Liu Xiaobo, jailed in China, honored in absentia by Nobel committee
Friday, December 10, 2010; 2:15 PM
OSLO - The blue-and-white upholstered chair reserved for him was empty. His words were spoken not in his own voice, but by the Norwegian actress and movie director Liv Ullmann.
While the Nobel committee honored him with its prestigious Peace Prize in Oslo on Friday, Chinese dissident and intellectual Liu Xiaobo sat in isolation in a jail cell, some 4,000 miles away.
Yet his campaign to bring individual freedoms and democracy to China was recognized at a ceremony made more visible, in many ways, by Beijing's efforts to suppress it.
"Liu has only exercised his civil rights. He has not done anything wrong. He must be released," Nobel committee chairman Torbjorn Jagland said as the audience of more than 1,000 dignitaries, diplomats and officials -- including House Speaker Nancy Pelosi (D-Calif.) -- responded with sustained applause and a standing ovation.
Jagland then placed the medal and certificate normally awarded to the laureate in the empty chair upon the stage, triggering another ovation.
An oversize portrait of Liu, 54, had been hung on the stage. At the point in the ceremony where the honoree or a close relative would normally speak, Ullmann read from Liu's final statement before being sentenced to 11 years in jail for political incitement.
"I have once again been shoved into the dock by the enemy mentality of the regime," Liu said on Dec. 23, 2009. "But I still want to say to this regime, which is depriving me of my freedom, that I stand by [my] convictions. ... I have no enemies, and no hatred."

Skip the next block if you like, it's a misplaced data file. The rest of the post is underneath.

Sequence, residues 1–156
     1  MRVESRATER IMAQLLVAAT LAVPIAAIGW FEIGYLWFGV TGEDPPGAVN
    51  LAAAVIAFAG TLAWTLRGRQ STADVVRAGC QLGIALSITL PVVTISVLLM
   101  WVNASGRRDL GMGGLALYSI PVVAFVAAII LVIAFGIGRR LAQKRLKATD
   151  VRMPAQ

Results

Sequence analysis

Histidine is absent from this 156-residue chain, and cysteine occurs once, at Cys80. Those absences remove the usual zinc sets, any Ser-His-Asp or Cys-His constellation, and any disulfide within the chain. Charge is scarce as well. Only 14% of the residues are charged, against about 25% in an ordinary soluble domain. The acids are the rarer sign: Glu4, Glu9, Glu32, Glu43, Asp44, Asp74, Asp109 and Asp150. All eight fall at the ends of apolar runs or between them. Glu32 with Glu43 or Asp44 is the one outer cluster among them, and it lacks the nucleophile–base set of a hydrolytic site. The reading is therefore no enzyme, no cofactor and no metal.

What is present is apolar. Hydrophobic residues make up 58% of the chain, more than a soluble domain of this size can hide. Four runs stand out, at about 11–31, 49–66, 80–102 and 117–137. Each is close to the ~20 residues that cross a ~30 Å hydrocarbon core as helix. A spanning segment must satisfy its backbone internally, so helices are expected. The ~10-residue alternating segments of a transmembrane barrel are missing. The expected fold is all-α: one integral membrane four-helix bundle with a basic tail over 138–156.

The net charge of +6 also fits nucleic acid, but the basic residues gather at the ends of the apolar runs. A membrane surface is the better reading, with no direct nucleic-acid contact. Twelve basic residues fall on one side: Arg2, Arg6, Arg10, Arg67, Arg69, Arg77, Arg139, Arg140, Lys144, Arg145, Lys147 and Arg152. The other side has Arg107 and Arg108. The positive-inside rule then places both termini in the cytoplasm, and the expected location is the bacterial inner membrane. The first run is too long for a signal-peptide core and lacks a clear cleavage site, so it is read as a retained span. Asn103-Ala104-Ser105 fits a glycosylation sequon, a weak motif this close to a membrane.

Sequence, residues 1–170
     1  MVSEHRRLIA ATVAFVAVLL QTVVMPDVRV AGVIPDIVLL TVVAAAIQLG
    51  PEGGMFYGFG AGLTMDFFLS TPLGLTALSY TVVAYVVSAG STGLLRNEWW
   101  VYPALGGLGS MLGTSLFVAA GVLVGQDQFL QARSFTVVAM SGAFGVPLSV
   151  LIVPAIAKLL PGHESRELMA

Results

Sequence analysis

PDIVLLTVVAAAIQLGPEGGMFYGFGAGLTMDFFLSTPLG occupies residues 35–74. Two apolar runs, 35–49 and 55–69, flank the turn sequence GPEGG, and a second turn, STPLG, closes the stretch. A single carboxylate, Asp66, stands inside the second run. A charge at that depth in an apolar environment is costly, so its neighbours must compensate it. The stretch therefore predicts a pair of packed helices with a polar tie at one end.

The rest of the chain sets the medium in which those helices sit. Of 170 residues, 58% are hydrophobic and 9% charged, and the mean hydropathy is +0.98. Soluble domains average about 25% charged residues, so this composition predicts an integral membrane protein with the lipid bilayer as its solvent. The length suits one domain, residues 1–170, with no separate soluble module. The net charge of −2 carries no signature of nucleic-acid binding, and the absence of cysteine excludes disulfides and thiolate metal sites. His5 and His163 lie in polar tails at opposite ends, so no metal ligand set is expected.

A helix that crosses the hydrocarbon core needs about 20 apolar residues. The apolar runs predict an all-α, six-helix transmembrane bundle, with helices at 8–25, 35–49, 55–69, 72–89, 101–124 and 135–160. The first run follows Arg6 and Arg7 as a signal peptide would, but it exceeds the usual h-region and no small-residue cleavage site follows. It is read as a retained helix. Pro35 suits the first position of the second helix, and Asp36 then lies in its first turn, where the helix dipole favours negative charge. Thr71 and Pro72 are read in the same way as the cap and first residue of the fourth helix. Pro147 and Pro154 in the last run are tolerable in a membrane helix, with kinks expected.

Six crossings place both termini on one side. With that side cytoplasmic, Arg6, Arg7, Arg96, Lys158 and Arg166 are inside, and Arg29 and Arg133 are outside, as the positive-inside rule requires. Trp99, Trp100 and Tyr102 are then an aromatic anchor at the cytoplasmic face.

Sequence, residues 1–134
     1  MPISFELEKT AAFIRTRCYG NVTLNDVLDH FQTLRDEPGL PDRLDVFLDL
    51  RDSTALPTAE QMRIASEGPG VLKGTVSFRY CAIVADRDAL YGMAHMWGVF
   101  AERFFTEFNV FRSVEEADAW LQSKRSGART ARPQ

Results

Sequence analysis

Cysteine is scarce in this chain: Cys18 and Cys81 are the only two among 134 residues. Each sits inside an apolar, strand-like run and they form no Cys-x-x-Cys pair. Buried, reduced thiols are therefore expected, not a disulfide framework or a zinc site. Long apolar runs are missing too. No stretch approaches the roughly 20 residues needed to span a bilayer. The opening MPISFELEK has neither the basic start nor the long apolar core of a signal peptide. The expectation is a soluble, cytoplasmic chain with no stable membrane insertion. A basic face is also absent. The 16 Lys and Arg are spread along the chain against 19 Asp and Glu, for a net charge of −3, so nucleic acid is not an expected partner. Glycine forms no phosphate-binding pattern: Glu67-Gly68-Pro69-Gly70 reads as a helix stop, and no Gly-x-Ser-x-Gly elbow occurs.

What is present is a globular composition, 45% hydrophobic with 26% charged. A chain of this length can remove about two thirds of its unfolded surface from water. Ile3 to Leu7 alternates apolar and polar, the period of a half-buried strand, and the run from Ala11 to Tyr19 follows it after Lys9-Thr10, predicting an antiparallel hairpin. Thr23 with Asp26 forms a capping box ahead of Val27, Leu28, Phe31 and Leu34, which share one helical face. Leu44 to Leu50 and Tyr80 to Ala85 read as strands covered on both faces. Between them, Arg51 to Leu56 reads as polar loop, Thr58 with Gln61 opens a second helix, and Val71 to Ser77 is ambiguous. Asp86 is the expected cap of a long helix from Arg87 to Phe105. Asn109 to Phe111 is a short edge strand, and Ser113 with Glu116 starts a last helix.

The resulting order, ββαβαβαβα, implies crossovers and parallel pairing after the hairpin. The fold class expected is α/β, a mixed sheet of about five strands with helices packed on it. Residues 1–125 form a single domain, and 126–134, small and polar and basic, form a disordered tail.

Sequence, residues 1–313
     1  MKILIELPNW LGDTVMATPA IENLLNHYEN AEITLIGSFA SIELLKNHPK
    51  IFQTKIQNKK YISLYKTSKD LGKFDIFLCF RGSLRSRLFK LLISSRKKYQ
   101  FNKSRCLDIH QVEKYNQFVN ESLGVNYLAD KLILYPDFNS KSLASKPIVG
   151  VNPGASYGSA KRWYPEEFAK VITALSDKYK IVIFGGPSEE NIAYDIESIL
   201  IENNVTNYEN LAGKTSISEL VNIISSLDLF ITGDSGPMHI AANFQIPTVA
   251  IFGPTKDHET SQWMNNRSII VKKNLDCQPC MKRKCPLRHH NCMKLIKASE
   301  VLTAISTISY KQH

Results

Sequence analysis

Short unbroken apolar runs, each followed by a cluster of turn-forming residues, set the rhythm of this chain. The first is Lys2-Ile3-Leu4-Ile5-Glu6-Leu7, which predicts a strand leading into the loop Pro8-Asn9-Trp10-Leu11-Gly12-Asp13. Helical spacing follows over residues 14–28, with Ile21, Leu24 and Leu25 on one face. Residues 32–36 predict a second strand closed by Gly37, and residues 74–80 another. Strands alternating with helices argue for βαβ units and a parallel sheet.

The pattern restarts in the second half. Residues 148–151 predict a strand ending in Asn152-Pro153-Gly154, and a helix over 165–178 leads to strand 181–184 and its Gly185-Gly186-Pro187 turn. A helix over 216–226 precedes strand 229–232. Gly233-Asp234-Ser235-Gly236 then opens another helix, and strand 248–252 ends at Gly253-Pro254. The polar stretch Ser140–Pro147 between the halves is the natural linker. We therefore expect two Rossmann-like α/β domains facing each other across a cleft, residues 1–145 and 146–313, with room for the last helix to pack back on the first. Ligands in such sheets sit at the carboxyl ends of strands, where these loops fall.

Hatred, Liu continued , "can rot away at a person's intelligence and conscience. Enemy mentality will poison the spirit of a nation, incite cruel mortal struggles, destroy a society's tolerance and humanity, and hinder a nation's progress toward freedom and democracy."
Before the ceremony, as attendees lined up outside city hall to enter, a police marching band performed Christmas carols, supporters handed out buttons emblazoned with an illustration of the laureate's smiling face and demonstrators across the street shouted "Free Liu Xiaobo!"
Organizers hope attendees left the ceremony with a more sobering image. "I think they will remember the empty chair," said Nobel committee Secretary Geir Lundestad. "[Its symbolism] speaks volumes about this year's laureate and the importance of the prize."
About 100 Chinese dissidents in exile and some activists from Hong Kong attended the ceremony , broadcasts of which were blocked on television and Internet inside China.
In the country of 1.3 billion people, a few dozen pro-democracy activists staged China's sole authorized celebration, uncorking a bottle of champagne Friday outside a huge Hong Kong tower.